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Imagine if the finance function in an organisation had created separate accounting systems and separate departments for fixed assets, debtors, creditors, cash and sales ledger with no common hierarchy, no common cost centre structure, and no method of accurate consolidation of financial statements- in other words a series of isolated sub-ledgers, with no general ledger account structure. Under this scenario, which CFO would not identify the need and the benefits of an integrated financial general ledger accounting discipline and framework?

However, increasingly we are seeing sub-set risk management frameworks outside of a central operational risk framework which have evolved within our organisations in recent years, often as result of a business or function reactively implementing a new regulatory requirement, such as Sarbannes Oxley (Finance), Senior Accounting Office (Tax), FATCA (Tax), Anti-Bribery and Corruption (compliance).

In addition, the burden for an organisation to manage the recent additional regulatory requirements for organisations, such as CASS and MAR, is being further compounded by the impending comprehensive regulations e.g. SMR, GDPR etc. These initiatives often start with the best intentions led and managed by the area that owns the risk, but are in isolation of the other initiatives, and the enterprise wide risk management framework.

Although the organisation may have achieved regulatory compliance, these sub-set risk management frameworks (the risk types of which should already be included in an operational risk framework taxonomy) can result in significantly more cost to establish, more cost to run, result in duplicative, inefficient processes requiring more resource, more management oversight and at times, more risk.

The solution is to enhance your operational risk framework to an integrated, enterprise wide operational risk management framework.

Benefits of an integrated, enterprise wide operational risk management framework

  • Efficient scalable framework– The integrated framework should result in a reduction in overall FTE required to manage each individual regulation, with cost savings due to repeatable standardised processes performed once and limited need for incremental spend with changing regulations due to ability to integrate future requirements within the same framework. The integrated framework should also result in less time spent in meetings, giving more time to managing the risks.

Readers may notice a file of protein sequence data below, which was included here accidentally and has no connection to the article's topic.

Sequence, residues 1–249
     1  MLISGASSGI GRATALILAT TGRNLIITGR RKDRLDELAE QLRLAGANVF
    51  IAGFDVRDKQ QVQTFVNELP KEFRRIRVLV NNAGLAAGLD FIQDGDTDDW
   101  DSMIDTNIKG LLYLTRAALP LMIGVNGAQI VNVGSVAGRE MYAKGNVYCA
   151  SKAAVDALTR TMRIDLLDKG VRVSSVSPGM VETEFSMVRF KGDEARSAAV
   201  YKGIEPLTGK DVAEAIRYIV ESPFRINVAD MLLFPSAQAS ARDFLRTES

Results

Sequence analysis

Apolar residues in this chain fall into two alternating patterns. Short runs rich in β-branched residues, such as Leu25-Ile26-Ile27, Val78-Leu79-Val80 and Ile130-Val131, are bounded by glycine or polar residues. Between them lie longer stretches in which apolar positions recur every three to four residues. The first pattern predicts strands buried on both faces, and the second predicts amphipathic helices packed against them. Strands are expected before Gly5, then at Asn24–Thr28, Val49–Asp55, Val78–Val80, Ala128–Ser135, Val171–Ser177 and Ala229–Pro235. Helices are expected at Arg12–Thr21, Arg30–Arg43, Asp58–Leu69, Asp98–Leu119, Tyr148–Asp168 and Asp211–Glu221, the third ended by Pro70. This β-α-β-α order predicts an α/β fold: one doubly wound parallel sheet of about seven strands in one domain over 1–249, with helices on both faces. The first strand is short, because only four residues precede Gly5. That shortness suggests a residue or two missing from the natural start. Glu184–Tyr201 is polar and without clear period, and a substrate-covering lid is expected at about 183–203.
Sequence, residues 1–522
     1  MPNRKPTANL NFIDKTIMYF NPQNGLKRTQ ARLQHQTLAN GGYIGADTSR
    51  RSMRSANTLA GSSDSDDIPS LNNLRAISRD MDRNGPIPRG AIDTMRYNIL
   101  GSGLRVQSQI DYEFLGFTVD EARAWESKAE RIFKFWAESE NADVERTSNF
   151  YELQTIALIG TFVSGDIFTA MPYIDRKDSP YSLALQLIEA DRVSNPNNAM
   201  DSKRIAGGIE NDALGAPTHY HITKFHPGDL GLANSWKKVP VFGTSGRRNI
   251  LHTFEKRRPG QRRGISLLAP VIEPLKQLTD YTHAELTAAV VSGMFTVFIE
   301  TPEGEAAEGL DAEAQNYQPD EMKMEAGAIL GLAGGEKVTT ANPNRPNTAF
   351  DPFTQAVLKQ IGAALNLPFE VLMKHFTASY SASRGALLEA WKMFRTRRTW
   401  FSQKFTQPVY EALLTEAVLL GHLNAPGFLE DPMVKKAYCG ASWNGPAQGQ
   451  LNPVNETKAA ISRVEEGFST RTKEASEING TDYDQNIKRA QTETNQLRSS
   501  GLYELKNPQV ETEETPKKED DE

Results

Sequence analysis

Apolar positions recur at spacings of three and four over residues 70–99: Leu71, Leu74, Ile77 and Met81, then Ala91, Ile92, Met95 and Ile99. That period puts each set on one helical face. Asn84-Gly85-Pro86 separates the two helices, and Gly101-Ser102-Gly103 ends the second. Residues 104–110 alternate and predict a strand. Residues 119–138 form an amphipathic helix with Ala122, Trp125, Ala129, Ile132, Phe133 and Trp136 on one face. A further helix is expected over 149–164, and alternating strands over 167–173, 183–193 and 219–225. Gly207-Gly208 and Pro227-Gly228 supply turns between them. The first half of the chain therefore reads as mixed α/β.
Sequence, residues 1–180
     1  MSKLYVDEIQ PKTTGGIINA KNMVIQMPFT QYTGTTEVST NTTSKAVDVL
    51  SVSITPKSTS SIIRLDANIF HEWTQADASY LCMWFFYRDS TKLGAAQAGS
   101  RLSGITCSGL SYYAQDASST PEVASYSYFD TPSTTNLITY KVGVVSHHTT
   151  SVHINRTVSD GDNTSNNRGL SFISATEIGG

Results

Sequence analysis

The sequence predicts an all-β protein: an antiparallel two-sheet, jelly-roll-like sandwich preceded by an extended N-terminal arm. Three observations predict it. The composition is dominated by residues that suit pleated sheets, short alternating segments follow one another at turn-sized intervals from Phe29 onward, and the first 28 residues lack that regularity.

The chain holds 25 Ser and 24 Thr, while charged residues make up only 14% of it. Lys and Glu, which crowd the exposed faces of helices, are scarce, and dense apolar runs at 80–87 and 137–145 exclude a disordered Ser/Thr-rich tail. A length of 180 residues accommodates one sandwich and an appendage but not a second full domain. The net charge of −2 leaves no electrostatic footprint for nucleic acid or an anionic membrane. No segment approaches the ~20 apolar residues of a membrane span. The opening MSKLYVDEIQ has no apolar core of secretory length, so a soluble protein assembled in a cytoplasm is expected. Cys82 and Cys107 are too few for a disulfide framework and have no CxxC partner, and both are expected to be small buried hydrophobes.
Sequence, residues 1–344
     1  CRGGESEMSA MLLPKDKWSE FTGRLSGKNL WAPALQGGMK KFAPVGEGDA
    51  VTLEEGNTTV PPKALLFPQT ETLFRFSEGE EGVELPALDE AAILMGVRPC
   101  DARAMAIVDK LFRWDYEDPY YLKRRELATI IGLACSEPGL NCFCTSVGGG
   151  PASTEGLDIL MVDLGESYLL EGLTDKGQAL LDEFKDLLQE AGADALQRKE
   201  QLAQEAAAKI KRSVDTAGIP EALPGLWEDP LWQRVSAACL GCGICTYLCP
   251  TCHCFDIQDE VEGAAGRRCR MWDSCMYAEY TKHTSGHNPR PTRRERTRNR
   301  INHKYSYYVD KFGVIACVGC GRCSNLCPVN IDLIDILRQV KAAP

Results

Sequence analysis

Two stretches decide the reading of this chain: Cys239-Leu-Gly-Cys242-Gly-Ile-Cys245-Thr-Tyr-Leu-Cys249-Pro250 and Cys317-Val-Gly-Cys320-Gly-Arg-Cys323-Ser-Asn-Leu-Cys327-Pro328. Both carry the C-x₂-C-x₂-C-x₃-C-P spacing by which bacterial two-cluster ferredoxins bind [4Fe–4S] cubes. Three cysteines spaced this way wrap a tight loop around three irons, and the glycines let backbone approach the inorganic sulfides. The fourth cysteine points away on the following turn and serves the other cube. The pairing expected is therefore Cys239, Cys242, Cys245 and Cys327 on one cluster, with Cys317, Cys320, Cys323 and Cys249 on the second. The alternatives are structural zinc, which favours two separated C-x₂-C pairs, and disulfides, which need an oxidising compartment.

• Data enhancement– sub set frameworks established and managed in isolation will usually hold data with differing levels of quality and information. An integrated framework provides one standard data model, stored in one system, with the same level and quality of risk information. The greatest benefit of this is that there is then only one version of the truth, and one source of data for the MI.
  • Improved MI for management decision making– consolidated MI-based on some metrics with end to end coverage of risks on individual and aggregate view of total inherent and residual risk by risk type and key controls.
  • Improved risk governance– it provides management with a centralized view of compliance to all regulations, and end to end view of all the risks by either entity, process, risk type, or regulation. In addition, it brings more clarity to end to end accountability.
  • Improved risk management– When using one standard methodology, it allows for identification of correlation between risks, and even linkages between risk and capital requirements. One integrated framework improves communication and coordination between business/functions to manage the range of risks, as a whole, and enables view of total inherent and residual risk by risk type and key controls.

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